When the team showed up to run a kids camp in one community, they had detailed schedules for the English lessons and sports activities. However, they quickly realized flexibility trumped planning. “We went where we were needed, ditching our partners and lesson plans. We took different age groups and certainly started late,” Addie remembered. Of her teenage students, “one in particular seemed to like me. I knew enough Arabic, and she knew enough English that we could talk about the important things, like pizza and music.”
Janae, who spent time with the younger group, also learned from the experience: “Teaching English allowed us time with the children to sing songs, have fun and encourage them that God has a plan and a future. It was an incredible exercise of being flexible, adjusting to the restlessness of the young children and also being joyful as a way to make learning fun.”
Another day, the team participated in a backyard fashion show. Using balloons and extra pieces of fabric, the psychologist leading the event transformed an empty garden into “a colorful place of hope and promise” for the refugee girls attending, Janae described. “Girl after girl stood with pride as she was fitted for a colorful, hand-sewn dress. With a fabric headband and a beautiful dress, each girl walked down the cement cat-walk, stood on the colorful podium and had her photo taken.”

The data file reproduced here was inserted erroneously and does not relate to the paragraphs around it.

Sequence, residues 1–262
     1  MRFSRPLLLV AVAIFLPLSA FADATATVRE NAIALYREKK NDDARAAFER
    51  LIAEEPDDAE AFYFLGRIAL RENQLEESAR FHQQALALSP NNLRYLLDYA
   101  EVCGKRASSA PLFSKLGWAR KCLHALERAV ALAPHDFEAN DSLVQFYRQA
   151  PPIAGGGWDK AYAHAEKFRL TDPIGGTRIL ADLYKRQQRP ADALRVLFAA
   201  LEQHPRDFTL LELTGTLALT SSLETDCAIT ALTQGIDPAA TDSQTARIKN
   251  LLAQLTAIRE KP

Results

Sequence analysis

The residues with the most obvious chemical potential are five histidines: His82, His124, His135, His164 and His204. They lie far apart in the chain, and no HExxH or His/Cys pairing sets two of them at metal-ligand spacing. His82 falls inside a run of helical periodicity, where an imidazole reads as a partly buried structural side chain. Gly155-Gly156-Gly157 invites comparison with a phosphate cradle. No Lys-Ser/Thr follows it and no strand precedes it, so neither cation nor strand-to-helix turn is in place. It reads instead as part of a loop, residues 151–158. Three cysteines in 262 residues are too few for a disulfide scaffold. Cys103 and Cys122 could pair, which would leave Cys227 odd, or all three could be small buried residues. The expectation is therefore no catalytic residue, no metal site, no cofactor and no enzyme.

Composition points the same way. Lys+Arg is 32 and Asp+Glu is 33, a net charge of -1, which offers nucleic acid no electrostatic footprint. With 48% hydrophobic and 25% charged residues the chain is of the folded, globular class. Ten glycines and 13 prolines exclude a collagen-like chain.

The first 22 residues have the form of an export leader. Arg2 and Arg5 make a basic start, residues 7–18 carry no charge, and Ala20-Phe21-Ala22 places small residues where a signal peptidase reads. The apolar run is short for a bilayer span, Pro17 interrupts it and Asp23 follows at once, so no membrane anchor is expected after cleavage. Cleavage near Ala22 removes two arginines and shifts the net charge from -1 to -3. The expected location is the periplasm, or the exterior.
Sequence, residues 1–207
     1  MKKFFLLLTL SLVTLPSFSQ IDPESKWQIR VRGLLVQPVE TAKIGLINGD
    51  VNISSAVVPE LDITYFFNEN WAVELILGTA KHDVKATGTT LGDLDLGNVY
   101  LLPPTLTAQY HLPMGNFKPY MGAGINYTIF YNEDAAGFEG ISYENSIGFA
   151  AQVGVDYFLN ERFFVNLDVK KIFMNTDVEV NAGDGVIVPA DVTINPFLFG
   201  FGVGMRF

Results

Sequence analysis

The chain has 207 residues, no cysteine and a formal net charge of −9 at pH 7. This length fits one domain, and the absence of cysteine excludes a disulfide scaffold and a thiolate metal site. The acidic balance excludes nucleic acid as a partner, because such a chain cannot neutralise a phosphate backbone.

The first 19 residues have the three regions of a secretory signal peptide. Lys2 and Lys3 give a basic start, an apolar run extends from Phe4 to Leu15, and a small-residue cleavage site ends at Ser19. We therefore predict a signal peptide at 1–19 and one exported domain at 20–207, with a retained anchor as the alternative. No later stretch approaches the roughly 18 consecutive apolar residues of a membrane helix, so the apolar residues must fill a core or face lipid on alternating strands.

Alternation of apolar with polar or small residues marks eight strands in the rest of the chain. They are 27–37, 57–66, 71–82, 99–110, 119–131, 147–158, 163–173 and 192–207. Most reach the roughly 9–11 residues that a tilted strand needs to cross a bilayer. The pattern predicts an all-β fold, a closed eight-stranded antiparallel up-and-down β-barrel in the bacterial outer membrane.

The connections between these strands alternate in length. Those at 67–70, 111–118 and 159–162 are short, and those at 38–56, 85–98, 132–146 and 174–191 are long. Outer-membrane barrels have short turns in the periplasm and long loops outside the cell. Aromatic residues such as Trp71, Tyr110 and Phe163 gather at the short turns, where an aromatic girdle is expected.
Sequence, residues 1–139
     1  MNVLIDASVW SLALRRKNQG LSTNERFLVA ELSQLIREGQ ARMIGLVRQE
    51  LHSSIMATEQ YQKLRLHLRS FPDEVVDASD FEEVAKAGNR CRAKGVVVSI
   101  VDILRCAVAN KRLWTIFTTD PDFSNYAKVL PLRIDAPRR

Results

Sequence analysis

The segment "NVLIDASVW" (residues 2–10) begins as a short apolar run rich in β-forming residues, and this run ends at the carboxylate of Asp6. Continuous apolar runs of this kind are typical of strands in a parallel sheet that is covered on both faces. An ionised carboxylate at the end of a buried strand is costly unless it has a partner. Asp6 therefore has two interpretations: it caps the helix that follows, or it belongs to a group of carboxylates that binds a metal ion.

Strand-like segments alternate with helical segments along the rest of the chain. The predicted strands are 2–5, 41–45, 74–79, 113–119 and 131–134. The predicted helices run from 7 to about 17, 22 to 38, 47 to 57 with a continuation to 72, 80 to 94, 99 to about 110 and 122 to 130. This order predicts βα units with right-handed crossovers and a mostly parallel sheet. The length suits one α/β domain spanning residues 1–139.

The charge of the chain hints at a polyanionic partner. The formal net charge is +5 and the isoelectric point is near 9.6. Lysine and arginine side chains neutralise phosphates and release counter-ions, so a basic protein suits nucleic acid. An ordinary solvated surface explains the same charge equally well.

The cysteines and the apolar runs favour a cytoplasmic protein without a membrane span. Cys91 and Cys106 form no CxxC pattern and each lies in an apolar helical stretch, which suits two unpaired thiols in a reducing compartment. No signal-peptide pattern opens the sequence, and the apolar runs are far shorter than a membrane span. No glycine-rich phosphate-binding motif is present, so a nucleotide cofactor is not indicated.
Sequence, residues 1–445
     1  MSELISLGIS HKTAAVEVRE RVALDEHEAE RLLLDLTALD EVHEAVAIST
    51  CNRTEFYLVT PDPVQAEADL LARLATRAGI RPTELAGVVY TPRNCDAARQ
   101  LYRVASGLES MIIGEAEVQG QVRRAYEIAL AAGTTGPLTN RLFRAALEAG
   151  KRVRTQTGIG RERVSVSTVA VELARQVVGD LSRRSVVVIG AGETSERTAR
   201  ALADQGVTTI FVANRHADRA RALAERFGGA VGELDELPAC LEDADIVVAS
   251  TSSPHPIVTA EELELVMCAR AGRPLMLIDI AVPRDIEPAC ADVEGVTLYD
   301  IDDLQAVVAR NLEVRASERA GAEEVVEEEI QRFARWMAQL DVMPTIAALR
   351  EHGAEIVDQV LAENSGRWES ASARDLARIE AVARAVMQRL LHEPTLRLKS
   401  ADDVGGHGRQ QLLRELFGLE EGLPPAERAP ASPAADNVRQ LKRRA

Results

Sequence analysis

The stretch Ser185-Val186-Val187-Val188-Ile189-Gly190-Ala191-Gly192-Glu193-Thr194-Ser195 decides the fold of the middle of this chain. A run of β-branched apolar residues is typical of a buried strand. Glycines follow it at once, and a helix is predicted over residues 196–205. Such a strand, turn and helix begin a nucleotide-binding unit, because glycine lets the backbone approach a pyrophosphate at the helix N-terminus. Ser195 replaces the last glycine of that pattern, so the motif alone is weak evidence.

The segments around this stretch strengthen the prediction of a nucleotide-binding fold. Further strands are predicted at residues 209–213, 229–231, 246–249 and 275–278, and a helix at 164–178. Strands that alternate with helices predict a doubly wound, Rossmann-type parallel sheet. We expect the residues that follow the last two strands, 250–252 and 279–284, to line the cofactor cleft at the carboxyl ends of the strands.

The team then played games with girls and colored together for the rest of the time. “What impressed me most is that before I had felt so far removed from the conflict. Now I was actually standing in this small backyard in a village in the Near East, and I was able by my actions and the colorful fashion show to bring hope, in a very small way,” Janae summarized.
On the day when the team split into smaller groups to visit refugee families, without translators, Addie was amazed to see how some of her Arabic vocabulary memorization kicked in. “It was jumbled and I had the grammar of a child, but I told them about my family. And we asked about [the father’s] jobs in Syria. And we got to talk about the Bible,” she recounted. “We asked if we could pray for them. They said yes, and at the end, the father also prayed! He still identifies as Muslim, but I could tell something was changing in him.”
In another families’ home, Janae listened to a family talk about the terrifying experiences they had lived through. Then Janae asked if she could read Psalm 18, a passage she said had comforted her during bouts of anxiety she had faced that summer. “This passage made my heart strong and gave me courage,” she told the family. Using an Arabic Bible app on Janae’s phone, the father read the Psalm out loud to his family. Before Janae’s group left, they prayed for the family.